Ice shelves

About 75% of the coastline of Antarctica is ice shelves. The utmost parts consist of floating ice until the grounding line of land based glaciers is reached, which is determined through efforts such as Operation IceBridge. Ice shelves lose mass through iceberg breakup (calving), or basal melting (at the foot of the glacier, when warm ocean water impacts), and this can affect ice sheet stability when the land based glaciers start to retreat; melting or breakup of floating shelf ice does not directly affect global sea levels, however, when sea ice freezes, it preferentially expels salt, in the process becoming purer than the sea water it is floating in. Pure water is less dense than salty water, so when the ice melts it will overflow the "hole in the water" that the ice had occupied, and when it overflows, it raises the water level.

Known changes in coastline ice:

  • Around the Antarctic Peninsula:
    • 1936–1989: Wordie Ice Shelf significantly reduced in size.
    • 1995: Ice in the Prince Gustav Channel disintegrated.
    • Parts of the Larsen Ice Shelf broke up in recent decades.
    • 1995: The Larsen A ice shelf disintegrated in January 1995.
    • 2001: 3,250 square kilometers (1,250 square miles) of the Larsen B ice shelf disintegrated in February 2001. It had been gradually retreating before the breakup event.
    • 2015: A study concluded that the remaining Larsen B ice-shelf will disintegrate by the end of the decade, based on observations of faster flow and rapid thinning of glaciers in the area.

The George VI Ice Shelf, which may be on the brink of instability, has probably existed for approximately 8,000 years, after melting 1,500 years earlier. Warm ocean currents may have been the cause of the melting. Not only the ice sheets are losing mass, but they are losing mass at an accelerating rate.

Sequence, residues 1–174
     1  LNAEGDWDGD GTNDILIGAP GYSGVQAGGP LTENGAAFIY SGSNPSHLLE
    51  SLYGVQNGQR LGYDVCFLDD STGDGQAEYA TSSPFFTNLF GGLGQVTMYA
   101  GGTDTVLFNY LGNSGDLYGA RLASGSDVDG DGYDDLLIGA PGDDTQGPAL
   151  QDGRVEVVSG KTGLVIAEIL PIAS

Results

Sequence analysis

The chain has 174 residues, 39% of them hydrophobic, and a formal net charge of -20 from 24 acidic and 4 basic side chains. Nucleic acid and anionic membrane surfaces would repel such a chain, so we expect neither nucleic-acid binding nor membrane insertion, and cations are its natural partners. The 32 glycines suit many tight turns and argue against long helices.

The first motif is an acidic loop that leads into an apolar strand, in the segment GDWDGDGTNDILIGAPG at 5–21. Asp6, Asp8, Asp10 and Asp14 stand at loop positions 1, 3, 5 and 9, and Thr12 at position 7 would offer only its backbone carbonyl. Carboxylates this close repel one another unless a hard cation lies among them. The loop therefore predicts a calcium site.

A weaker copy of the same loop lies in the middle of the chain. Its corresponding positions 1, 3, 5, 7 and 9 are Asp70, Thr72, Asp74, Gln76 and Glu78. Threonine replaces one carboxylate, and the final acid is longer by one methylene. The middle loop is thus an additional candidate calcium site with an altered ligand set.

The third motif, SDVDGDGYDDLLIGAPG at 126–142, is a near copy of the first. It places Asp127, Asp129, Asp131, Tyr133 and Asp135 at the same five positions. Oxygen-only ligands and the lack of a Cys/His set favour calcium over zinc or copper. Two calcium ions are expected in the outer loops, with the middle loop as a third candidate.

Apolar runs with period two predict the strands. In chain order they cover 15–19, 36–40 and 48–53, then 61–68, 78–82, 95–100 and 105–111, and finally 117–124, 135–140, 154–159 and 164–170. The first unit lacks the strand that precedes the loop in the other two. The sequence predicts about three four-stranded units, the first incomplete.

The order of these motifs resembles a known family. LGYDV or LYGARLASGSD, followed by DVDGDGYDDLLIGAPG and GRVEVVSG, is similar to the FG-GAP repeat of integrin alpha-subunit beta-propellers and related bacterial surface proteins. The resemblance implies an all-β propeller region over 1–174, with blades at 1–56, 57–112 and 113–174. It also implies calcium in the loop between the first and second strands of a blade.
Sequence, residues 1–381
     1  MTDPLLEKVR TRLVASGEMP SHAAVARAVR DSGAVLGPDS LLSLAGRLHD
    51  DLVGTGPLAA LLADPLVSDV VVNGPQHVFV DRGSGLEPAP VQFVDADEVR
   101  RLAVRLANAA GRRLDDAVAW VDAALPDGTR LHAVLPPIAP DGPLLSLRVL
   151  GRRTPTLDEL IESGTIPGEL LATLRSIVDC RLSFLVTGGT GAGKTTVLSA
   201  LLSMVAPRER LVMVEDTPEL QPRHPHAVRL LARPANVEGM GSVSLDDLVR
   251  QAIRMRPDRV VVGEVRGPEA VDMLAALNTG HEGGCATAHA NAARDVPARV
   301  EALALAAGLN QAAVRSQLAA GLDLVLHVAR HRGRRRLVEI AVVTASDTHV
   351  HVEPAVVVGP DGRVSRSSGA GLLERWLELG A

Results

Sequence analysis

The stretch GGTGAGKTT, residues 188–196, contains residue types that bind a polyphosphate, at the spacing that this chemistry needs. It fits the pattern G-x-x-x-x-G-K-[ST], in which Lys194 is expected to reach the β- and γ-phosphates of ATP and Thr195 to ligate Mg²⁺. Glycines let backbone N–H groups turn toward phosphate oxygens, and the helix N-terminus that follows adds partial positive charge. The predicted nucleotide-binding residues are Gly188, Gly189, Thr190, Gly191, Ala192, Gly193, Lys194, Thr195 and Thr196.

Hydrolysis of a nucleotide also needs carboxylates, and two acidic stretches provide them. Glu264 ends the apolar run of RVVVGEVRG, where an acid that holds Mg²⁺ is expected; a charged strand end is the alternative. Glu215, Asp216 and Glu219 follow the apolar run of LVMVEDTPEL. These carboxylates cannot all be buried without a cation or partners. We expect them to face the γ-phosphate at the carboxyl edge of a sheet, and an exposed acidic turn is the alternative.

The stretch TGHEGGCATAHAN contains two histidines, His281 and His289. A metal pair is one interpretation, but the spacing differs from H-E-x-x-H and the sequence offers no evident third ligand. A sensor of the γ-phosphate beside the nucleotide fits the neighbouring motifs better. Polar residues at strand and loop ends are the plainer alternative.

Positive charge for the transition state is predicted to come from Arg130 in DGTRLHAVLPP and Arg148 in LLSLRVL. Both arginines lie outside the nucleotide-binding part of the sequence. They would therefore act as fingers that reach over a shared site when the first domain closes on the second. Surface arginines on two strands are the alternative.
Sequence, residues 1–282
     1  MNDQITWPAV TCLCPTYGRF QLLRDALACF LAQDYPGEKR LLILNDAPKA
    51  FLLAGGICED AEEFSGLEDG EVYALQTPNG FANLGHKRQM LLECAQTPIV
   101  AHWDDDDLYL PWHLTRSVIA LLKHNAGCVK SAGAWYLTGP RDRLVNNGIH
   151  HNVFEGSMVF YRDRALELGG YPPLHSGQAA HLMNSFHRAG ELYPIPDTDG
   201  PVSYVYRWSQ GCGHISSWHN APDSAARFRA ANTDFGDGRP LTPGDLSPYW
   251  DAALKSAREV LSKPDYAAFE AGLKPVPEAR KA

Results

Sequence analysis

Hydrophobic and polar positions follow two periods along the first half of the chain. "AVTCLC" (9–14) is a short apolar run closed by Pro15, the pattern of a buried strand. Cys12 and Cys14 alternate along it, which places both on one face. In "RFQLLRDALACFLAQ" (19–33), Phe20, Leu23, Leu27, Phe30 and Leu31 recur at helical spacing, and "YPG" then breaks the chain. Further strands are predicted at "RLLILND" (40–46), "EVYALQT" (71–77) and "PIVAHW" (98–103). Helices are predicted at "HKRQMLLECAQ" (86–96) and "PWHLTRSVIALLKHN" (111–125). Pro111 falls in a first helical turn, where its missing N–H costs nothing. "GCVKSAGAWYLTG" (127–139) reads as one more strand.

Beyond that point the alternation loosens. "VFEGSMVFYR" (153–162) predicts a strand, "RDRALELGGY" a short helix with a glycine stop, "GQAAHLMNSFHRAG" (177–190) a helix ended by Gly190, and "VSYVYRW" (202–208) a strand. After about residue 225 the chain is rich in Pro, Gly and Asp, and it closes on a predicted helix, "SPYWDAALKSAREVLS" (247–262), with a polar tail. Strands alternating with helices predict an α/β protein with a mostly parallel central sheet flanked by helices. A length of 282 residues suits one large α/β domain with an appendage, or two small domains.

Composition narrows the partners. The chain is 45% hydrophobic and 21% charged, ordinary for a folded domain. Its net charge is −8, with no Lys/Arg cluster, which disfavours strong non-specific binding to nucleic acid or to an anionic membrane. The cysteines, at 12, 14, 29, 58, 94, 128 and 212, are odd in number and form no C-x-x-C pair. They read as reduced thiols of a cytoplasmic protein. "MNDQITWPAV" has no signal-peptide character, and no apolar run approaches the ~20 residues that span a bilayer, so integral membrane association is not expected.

Global Warming

Calculations of global warming prepared in or before 2001 from a range of climate models under the SRES A2 emissions scenario, which assumes no action is taken to reduce emissions and regionally divided economic development
Main article: Global warming

The continent-wide average surface temperature trend of Antarctica is positive and significant at >0.05 °C/decade since 1957. The West Antarctic Ice Sheet has warmed by more than 0.1 °C/decade in the last 50 years, and is strongest in winter and spring. Although this is partly offset by fall cooling in East Antarctica, this effect is restricted to the 1980s and 1990s.

Research published in 2009 found that overall the continent had become warmer since the 1950s, a finding consistent with the influence of man-made climate change:

"We can't pin it down, but it certainly is consistent with the influence of greenhouse gases from fossil fuels", said NASA scientist Drew Shindell, another study co-author. Some of the effects also could be natural variability, he said.

The British Antarctic Survey stated in 2009:

  • Westarctica's ice loss could contribute to 1.4 meters (4 feet 7 inches) sea level rise.
  • Antarctica predicted to warm by around 3 °C (5.4 °F) over this century.
  • 10% increase in sea ice around the Antarctic.
  • Rapid ice loss in parts of the Antarctic.
  • Warming of the Southern Ocean will cause changes in Antarctic ecosystem.
  • Hole in ozone layer, which has shielded most of Antarctica from global warming.

The area of strongest cooling appears at the South Pole, and the region of strongest warming lies along the Antarctic Peninsula. A possible explanation is that loss of UV-absorbing ozone may have cooled the stratosphere and strengthened the polar vortex, a pattern of spinning winds around the South Pole. The vortex acts like an atmospheric barrier, preventing warmer, coastal air from moving into the continent's interior. A stronger polar vortex might explain the cooling trend in the interior of Antarctica.

In their latest study (20 September 2007) NASA researchers have confirmed that Antarctic snow is melting farther inland from the coast over time, melting at higher altitudes than ever and increasingly melting on Antarctica's largest ice shelf.

There is also evidence for widespread glacier retreat around the Antarctic Peninsula.

Researchers reported on 21 December 2012 in Nature Geoscience that from 1958 to 2010, the average temperature at the mile-high Byrd Station rose by 2.4 °C (4.3 °F), with warming fastest in its winter and spring. The spot which is in the heart of the West Antarctic Ice Sheet is one of the fastest-warming places on Earth. In 2015, the temperature showed changes but in a stable manner and the only months that have drastic change in that year are August and September. It also did show that the temperature was very stable throughout the year.